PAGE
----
Consequences of Limiting Dairy Foods

Because dairy foods are great sources of nutrients including calcium, vitamin D, protein, potassium, magnesium, niacin, vitamin B12, riboflavin, and phosphorus, avoiding all dairy can impact your health and well-being.

Unfortunately, it has been reported that almost 22% of us have drastically reduced our dairy intake. When you take dairy foods off your plate, it can be very harmful to bone health and lead to fractures and osteoporosis.

Calcium is found in dairy products and required to maintain strong bones and teeth. There are other ways to get adequate amounts of calcium and vitamin D but it is important to pay attention to other food sources of calcium in the diet in order to meet these needs.

It won’t come easily.

Calcium can be found in:

  • Broccoli, kale, turnip greens, Bok choy (Chinese cabbage)
  • Salmon, sardines
  • Tofu and other soy products
  • White beans, black-eyed peas
  • Dried figs
  • Blackstrap molasses
  • Cereals or orange juice fortified with calcium
  • Rice or almond milk, almonds

Milk and dairy are good sources of protein and restricting them can leave a gap unless you balance your diet with additional protein sources. Failure to consume adequate protein can lead to muscle loss, difficulty with wound healing, decreased ability to rebuild cells and tissue, and decreased red blood cell production.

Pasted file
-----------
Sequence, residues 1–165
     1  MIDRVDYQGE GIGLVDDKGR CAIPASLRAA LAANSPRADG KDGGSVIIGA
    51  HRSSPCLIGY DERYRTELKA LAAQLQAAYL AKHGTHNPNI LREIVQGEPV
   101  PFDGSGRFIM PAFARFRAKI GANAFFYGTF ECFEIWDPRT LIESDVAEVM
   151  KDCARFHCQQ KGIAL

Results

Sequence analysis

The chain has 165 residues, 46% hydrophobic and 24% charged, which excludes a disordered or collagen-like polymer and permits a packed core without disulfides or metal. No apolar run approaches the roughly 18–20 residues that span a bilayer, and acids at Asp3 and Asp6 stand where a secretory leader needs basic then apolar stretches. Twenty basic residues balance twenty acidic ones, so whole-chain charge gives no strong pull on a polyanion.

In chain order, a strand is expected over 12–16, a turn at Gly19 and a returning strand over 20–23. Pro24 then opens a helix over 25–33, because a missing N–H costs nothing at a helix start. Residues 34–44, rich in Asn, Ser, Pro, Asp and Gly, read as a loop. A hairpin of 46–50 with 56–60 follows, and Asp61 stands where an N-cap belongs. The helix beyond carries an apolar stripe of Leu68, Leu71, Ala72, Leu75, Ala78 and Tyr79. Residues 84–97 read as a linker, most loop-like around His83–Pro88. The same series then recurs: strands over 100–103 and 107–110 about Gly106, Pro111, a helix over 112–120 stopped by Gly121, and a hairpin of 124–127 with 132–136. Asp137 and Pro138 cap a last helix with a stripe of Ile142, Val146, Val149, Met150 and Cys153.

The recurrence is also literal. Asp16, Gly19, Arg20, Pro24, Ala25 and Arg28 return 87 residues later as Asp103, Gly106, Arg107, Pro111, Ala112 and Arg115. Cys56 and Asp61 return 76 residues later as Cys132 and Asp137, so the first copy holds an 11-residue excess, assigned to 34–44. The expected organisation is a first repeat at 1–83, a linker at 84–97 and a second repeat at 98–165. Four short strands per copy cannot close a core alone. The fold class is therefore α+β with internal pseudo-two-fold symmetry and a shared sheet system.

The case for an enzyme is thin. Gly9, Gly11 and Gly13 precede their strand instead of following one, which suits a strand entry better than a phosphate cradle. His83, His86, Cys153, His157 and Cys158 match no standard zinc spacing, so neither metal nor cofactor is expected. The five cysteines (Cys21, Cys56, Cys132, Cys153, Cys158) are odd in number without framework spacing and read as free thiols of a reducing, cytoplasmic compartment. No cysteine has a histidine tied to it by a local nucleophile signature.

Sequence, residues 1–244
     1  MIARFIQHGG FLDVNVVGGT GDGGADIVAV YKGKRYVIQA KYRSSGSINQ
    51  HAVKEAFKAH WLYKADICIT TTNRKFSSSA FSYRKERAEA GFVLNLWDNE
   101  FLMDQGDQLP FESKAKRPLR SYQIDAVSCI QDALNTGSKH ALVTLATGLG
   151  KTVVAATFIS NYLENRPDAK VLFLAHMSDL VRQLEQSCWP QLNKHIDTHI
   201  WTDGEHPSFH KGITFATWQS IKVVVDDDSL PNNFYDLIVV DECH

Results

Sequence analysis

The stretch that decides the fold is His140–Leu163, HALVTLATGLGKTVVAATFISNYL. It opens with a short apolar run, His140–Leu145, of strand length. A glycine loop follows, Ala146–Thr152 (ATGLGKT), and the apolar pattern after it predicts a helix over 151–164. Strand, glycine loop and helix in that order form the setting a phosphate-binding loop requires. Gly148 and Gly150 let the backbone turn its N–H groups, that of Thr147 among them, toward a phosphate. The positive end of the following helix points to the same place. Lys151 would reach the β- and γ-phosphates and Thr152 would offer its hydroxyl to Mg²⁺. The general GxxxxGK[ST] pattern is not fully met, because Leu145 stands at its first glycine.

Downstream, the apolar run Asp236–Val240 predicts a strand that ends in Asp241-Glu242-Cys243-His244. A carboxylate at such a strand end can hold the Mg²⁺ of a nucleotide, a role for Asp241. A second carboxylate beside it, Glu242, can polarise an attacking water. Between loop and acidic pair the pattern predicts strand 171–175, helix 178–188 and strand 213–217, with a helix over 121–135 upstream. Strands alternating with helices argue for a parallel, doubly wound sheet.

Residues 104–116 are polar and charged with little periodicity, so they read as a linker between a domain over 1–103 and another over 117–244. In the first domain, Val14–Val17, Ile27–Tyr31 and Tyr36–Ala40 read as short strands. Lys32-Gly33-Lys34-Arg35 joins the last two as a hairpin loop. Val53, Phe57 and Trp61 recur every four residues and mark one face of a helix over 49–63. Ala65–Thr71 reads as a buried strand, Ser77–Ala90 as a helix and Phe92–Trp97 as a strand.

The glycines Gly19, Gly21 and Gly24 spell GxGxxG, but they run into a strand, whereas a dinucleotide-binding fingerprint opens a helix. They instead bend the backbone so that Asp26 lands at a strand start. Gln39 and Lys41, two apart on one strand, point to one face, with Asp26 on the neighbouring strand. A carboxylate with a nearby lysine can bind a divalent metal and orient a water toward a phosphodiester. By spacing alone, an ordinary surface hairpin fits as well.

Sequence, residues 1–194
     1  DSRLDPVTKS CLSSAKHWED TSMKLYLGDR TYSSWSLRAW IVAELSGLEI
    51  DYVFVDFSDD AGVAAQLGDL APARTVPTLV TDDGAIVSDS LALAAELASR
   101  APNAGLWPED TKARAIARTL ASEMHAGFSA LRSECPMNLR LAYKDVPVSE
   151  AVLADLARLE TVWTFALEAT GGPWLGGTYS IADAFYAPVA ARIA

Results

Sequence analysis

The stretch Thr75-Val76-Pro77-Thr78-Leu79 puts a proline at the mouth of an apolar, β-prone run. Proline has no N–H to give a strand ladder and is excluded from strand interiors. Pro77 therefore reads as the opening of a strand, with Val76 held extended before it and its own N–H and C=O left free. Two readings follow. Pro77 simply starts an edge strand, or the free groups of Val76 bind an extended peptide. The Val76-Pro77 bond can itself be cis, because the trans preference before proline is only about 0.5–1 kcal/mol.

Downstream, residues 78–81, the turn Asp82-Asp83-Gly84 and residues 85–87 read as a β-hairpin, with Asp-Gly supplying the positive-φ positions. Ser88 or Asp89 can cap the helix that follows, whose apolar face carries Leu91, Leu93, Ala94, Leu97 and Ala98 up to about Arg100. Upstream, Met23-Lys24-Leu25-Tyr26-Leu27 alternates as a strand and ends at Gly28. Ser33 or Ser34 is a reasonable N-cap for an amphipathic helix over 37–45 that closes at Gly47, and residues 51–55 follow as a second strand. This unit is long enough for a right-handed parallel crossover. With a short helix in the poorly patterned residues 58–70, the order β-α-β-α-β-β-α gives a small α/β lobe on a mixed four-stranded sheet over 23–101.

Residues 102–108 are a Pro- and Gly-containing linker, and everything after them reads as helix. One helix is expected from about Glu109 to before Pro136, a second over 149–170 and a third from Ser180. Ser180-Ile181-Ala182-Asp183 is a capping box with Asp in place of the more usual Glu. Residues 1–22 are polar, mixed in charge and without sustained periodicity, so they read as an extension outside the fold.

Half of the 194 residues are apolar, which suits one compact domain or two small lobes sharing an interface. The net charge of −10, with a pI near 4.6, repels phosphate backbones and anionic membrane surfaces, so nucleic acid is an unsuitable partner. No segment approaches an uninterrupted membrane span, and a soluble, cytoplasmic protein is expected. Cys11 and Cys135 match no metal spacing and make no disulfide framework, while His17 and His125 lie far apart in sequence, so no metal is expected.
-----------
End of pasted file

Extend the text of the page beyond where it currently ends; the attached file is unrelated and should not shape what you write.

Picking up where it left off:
Dairy products contribute probiotics to your bowels. Without a source of probiotics, you may lose balance in your gut bacteria leading to constipation and — even worse – immune compromise. A healthy gut is thought to prevent infection.

Milk and Dairy You Can Eat Again!

There are substitutes that you can try if you fear lactose intolerance is upsetting your GI system so that you won’t miss essential nutrition.

Here are a few different options you might want to check out:

A2 Milk

A2 Milk is a natural cow’s milk produced from specific cows that make milk with A2 protein instead of A1 protein. Regular cow’s milk contains both A1 and A2 beta-casein protein.

Research has shown that people who drink A2 milk can avoid gastrointestinal distress that the A1/A2 milk causes. A1 milk protein has shown to produce gut inflammation and GI distress often thought to be lactose intolerance in some people. Many who switch to A2 milk find that they can tolerate this milk better than traditional cow’s milk.

Naturally Lactose Free Aged Cheese